We all have secrets we wish no one would ever find out. We keep them hidden, especially from our loved ones, and understandably so, because once they’re found out, our mind starts stressing over what others will think, and how they will take it. ILLUSTRATION BY ELIZALDE V. PUSUNG
We all have secrets we wish no one would ever find out—impulsive decisions in our childhood, choices we staunchly fought for only to regret later, failure to listen to reason, weaknesses taken for granted by others.
We keep them hidden, especially from our loved ones, and understandably so, because once they’re found out, our mind starts stressing over what others will think, and how they will take it.
Some secrets which will not really affect our family are best forgotten, or can serve as lessons. But what about those that might have repercussions?
Will my family accuse me of lying? Will they turn their backs on me? Will it change the way they see me?
We may have already learned some lessons from those secrets. But does that mean we have indeed moved on? Because it is not the secret itself that may affect us, but the repercussions of not being fully healed from it.
I have been told about a mother who had kept a lifelong secret from her children. Her erratic and callous behavior was a result of her guilt and refusal to move on. Her eldest son, feeling estranged and unloved, decided to leave and fend for himself; her daughters felt resentment and anger towards her. The mother, of course, had her own reasons.
It is truly difficult to keep secrets from the family. It can result in unresolved misunderstandings, conflict and regret. The more we cover up our secrets with lies to keep our silence, the harder it is to recover the trust and respect that were lost.
A friend recently sat down with her 18-year-old daughter who was never told who her real father was. By the time she was 12 and started asking questions, the mother knew that one day she would have to tell the truth.
It took another six years before she mustered the strength to tell her daughter. Tears flowed, but they were tears of joy.
My friend felt like a big thorn had been pulled from her chest, and the daughter finally got the answers she had longed for.
There was no resentment, no anger, and no doubt; the young lady was brought up very well. She grew up with love and support from her mom, siblings and relatives. This is one example of how children will always relate to love.
Some of us are afraid to show our vulnerability and weakness. While it’s difficult, dealing with fear is the mature thing to do. Whatever happened has happened, and no matter that we want to forget, something will always remind us of it.
We must commit to deal with problems head-on. Surely, you know how it feels if you don’t. Fear kills growth. Ghosts from our past will continue to haunt us, unless we face them with self-acceptance and honesty.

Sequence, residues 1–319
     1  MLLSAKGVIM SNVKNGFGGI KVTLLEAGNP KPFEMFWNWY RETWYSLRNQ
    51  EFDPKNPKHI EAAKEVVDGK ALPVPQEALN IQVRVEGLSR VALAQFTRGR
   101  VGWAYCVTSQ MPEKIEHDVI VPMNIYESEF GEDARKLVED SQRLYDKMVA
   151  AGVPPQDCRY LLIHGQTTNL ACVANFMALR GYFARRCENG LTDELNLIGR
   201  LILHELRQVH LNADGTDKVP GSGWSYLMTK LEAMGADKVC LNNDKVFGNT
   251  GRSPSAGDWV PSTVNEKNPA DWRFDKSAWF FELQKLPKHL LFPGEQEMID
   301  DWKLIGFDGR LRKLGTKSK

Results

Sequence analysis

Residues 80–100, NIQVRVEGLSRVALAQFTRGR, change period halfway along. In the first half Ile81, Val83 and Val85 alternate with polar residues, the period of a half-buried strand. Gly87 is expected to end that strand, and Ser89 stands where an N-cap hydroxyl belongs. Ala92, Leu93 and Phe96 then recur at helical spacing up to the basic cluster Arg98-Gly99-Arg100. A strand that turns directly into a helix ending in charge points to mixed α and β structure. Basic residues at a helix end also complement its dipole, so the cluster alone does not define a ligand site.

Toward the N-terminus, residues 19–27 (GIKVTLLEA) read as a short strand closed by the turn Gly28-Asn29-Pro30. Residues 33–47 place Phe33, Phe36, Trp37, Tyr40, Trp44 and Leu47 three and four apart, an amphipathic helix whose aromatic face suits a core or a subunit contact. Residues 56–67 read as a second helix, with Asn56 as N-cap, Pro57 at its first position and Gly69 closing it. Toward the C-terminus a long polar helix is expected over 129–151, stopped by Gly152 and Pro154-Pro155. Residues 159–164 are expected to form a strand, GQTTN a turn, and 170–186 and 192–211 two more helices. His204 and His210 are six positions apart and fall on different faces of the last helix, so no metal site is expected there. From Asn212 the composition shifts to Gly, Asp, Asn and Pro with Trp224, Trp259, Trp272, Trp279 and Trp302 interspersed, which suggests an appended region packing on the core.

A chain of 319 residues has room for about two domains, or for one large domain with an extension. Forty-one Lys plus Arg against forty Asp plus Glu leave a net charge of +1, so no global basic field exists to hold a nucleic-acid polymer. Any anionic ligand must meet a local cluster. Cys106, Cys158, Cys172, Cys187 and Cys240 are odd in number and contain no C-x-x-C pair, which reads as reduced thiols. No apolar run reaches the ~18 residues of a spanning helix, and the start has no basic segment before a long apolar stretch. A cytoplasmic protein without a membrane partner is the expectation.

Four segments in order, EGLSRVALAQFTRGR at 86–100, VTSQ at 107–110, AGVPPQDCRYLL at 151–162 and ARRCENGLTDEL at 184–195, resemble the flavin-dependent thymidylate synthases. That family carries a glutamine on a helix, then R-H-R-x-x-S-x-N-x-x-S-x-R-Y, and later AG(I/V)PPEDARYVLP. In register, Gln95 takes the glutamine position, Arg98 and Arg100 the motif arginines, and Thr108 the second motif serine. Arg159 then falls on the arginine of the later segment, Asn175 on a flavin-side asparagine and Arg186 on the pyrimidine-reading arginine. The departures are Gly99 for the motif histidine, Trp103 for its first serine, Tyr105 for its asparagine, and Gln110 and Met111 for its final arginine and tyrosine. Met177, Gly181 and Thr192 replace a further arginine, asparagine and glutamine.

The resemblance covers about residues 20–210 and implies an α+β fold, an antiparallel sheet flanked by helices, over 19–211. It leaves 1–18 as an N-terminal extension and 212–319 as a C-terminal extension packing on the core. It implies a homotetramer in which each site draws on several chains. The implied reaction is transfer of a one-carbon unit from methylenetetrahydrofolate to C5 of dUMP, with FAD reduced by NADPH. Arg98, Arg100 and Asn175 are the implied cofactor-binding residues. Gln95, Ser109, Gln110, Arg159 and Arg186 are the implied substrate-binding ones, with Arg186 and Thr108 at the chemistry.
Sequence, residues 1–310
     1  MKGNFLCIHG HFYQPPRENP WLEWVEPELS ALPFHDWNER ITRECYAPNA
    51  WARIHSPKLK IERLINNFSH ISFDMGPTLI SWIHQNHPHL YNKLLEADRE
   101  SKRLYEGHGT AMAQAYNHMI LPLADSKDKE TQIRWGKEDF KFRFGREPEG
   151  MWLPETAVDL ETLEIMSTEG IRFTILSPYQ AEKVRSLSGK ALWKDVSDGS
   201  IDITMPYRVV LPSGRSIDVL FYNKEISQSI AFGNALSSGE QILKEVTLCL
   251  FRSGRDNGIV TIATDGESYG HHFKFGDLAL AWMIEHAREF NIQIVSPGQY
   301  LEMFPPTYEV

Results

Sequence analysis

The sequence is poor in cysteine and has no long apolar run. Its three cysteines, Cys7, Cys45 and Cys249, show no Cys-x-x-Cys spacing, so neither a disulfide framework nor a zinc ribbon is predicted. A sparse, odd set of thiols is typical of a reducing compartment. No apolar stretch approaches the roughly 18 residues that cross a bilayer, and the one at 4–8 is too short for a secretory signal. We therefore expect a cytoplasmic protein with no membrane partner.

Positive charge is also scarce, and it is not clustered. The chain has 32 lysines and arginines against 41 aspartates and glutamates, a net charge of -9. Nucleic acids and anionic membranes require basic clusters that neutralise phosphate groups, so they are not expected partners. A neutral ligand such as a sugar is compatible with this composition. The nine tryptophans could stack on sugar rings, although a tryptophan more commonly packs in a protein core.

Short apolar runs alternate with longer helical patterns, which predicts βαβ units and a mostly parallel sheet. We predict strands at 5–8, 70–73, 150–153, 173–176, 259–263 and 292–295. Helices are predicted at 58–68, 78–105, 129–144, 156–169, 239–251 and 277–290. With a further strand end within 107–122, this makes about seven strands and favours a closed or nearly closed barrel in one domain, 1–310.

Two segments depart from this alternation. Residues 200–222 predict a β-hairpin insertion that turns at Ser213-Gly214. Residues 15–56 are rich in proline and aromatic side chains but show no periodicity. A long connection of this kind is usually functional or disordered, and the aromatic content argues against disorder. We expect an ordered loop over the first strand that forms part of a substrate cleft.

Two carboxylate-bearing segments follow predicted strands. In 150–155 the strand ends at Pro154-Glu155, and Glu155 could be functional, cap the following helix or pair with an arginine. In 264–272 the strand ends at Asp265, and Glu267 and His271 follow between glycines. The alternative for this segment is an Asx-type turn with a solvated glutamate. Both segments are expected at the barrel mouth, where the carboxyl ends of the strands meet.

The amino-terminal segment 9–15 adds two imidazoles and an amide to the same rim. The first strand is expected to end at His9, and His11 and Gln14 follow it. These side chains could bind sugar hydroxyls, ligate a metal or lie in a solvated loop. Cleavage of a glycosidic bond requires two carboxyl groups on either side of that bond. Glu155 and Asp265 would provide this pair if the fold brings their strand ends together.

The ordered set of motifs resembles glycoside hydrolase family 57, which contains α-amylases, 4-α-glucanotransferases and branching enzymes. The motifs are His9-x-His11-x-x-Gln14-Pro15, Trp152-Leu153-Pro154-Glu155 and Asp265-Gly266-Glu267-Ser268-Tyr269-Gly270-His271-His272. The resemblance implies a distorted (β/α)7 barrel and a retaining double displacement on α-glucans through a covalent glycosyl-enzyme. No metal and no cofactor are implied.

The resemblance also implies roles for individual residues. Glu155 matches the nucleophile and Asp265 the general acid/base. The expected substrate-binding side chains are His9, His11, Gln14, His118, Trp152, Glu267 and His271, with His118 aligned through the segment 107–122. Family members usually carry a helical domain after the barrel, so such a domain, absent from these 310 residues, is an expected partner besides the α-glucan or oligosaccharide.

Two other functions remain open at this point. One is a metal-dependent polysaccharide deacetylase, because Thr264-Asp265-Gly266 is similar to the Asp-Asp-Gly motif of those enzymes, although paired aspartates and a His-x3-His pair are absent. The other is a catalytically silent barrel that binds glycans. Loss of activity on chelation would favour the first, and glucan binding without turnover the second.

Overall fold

Weight of the issue
Considering the weight of the issue helps. Is it small enough to be forgotten? Will it affect your loved ones? Is it something which, if left unresolved, will affect their growth and yours?
Only you can answer those questions. I answered some of mine already, and have had to share some of my secrets with my teenage boys to serve as examples when we talk about their stage in life now. And whether or not it will change how they look at me, I leave it to them.
Through my life with Mark and Joshua, I’ve realized it’s best to view life as a series of experiences, and not ups and downs. I have decided that feeling remorse, self-pity and denial should propel me to higher ground, and help me accept that our response to life’s challenges doesn’t always have to involve fear or anger.
I hope that we all overcome the challenges we face, no matter what secrets we keep. Know that fear is an opportunity for courage to surface. You will never be alone. You may have no one to turn to, but you will always have yourself—your own life to protect, to save, to make worthwhile. And as you read this, don’t ever think it’s impossible.
We may not realize it, but unless we do a reality check, negativity will continue to manifest in our behavior towards those we love. Much worse, we may be living under false pretenses, which may result in dire consequences in the future.
Know that you are a person of worth. If we face our challenges bravely, it will increase our self-worth. And now that we have either children of our own or nieces and nephews who see us as models to emulate, responsibility and accountability should be second nature, not only for ourselves, but for everyone we love.
If you allow your children to grow with guidance and love, rather than hesitation and hostility, the more they will relate to you as an adult. We can’t live without being at peace with our past. It’s a long, tough road, but liberating ourselves from those experiences will also mean forming better relationships with others who truly deserve our attention, without fear, and with much passion.